More headbadge lust: CCM Cleveland

More headbadge lust: CCM Cleveland

Check this baby out:

I haven’t been able to find any images of Canada Cycle & Motor Co’s Cleveland model online. Cleveland seems to be better known as an American-built motorcycle. A 2002 post on the OldRoads forum refers to a 1929 version of the Cleveland that had a double bar and double fork (double fork? whatever does that mean?), and says there’s one in the collection at the Canadian Museum of Science. That poster probably means the Canada Science & Technology Museum in Ottawa, who say that CCM named their version of the Cleveland after forerunner company Lozier’s version …and there are some gorgeous photos of a Lozier Cleveland with an extremely similar headbadge in a forum post over at the CABE. I love the simple black paint job, with the pop of colour behind the pierced metal headbadge – yum. A single-bar version of the Cleveland similar to what’s in those photos is described in this auction of a CCM collection by a Guelph-area auctioneer.

4 thoughts on “More headbadge lust: CCM Cleveland

  1. Hello Deborah, the CCM company was an amalgamation of several existing Cycle companies in 1899. Some of these companies were Massey (Massey Harris), Columbia, and Cleveland. In the early days, CCM made bicycles using various names besides simply CCM. One of these was the CCM Cleveland. CCM kept the various brands around until about 1939. In the 1930’s, the differnt brands of CCM’s were merely different headbadges stuck on the same bicycles, but in the early years, each CCM brand had different distinctive characteristics. These included various styles of front forks and alternative striping on the wooden rims that were available until 1927. Some CCM brands were of higher quality, such as Columbia, Cleveland, and Perfect. Others were cheaper models (by about 4 to 6 dollars), such as Rambler and Crescent. Different shops in the same city would often carry different “brands” of CCM’s (something like Ford and Mercury car dealerships). Department stores and hardwares also had many other brands of CCM bicycles made specifically for them (such as CCM Crown). The headbadge that you missed on Ebay was from the mid to late 1930’s. If you must have one, try contacting International Cycle in Edmonton or ask the owner, Bernie, how to get in touch with John Williamson.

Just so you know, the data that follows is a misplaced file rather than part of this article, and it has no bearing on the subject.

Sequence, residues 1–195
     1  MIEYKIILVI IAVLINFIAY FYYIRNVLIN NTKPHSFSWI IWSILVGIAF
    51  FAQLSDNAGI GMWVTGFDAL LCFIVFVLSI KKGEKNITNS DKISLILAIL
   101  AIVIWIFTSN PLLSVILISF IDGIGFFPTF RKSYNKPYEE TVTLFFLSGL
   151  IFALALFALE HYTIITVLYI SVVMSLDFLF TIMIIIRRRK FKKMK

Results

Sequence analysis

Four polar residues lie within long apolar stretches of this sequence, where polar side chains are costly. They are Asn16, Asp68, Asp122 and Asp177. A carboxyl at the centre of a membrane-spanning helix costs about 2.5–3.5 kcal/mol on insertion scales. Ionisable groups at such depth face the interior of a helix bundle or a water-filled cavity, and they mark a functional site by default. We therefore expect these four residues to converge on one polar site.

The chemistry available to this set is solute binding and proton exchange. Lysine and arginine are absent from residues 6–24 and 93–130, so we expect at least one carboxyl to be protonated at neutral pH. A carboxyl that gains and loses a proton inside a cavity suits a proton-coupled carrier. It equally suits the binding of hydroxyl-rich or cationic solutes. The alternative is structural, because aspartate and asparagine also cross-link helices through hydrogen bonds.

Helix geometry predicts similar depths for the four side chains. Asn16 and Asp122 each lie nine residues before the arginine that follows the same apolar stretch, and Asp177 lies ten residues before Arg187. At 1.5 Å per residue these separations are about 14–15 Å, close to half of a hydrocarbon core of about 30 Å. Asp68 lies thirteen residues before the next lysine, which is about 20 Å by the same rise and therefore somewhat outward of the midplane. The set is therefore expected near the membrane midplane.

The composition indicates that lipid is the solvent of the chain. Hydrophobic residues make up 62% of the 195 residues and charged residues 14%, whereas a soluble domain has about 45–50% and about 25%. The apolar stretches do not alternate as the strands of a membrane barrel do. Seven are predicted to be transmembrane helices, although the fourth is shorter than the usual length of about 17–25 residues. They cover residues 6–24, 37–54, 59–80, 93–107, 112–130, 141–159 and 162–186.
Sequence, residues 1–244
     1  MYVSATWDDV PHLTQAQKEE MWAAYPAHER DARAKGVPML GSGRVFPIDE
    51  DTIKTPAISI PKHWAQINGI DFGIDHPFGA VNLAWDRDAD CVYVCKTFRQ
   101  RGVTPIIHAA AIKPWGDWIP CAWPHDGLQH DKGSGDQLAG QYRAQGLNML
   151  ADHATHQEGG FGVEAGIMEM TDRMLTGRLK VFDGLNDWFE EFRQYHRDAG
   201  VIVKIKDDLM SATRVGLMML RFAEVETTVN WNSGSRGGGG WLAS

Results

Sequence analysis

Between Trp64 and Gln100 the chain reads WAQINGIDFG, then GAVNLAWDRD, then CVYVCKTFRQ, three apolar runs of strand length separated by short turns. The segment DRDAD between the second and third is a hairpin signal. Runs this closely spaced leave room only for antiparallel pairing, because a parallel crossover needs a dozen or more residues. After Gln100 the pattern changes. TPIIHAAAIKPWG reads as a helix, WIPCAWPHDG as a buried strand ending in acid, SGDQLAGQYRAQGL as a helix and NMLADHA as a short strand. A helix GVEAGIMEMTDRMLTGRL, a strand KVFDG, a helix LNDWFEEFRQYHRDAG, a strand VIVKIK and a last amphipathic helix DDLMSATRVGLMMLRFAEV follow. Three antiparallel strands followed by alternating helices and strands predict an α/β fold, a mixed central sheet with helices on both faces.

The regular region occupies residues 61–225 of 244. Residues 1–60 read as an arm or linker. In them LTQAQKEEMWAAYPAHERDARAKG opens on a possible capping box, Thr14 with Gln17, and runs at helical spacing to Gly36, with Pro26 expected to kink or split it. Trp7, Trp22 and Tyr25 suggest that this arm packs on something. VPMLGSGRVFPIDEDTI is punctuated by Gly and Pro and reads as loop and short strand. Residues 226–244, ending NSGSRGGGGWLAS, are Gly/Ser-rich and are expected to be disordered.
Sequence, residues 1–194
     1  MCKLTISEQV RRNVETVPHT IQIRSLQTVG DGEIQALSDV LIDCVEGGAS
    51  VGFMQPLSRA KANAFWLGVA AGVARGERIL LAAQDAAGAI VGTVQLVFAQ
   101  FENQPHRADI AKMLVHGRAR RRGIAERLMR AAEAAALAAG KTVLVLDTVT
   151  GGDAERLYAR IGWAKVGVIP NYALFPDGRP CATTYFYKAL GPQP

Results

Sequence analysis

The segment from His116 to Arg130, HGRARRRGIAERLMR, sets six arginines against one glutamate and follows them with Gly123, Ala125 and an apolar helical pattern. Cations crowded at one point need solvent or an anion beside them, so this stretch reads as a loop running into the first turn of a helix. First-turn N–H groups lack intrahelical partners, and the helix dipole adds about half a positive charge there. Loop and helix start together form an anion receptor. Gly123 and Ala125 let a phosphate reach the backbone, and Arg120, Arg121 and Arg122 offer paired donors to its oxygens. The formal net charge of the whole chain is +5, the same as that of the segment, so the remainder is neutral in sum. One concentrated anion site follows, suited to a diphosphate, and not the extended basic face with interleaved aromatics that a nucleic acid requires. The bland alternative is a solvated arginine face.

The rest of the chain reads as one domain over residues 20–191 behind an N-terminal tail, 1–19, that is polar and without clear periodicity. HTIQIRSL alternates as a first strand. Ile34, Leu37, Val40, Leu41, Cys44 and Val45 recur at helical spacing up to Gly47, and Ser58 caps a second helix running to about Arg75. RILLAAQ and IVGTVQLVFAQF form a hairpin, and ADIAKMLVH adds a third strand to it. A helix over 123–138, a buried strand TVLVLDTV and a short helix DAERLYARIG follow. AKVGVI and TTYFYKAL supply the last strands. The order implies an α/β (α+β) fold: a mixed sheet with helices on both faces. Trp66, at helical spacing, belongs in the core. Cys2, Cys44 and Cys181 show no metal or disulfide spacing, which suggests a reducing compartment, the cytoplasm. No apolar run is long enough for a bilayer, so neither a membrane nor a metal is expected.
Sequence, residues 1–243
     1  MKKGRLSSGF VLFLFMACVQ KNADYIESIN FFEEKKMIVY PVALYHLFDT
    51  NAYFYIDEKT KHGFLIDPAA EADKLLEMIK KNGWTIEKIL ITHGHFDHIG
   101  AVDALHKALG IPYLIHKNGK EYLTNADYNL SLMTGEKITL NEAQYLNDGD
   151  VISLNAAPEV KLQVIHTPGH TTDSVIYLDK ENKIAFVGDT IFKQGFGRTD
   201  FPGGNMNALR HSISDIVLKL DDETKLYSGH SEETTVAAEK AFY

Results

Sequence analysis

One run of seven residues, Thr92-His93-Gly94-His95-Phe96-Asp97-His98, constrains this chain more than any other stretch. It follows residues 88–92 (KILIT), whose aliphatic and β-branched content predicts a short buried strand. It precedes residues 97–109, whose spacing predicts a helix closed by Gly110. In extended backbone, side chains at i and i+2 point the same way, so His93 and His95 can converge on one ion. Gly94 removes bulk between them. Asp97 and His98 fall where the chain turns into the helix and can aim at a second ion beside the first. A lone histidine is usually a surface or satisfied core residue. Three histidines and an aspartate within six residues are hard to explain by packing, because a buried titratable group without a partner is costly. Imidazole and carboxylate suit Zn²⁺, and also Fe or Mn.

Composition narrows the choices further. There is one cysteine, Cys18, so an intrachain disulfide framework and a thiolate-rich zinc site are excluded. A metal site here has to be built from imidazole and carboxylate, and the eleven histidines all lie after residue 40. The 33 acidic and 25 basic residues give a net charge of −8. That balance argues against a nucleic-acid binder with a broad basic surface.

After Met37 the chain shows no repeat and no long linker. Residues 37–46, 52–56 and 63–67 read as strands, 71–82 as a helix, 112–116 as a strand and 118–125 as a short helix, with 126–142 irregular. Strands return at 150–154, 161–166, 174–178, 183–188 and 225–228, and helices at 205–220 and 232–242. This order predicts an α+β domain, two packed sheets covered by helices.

Regards,
    J.W.

  2. John – thank you so much for the information! My cobloggers Nicki and Angel have later (1951 and 1971) CCM loopframes – but I love knowing more about their historical context. Cheers!

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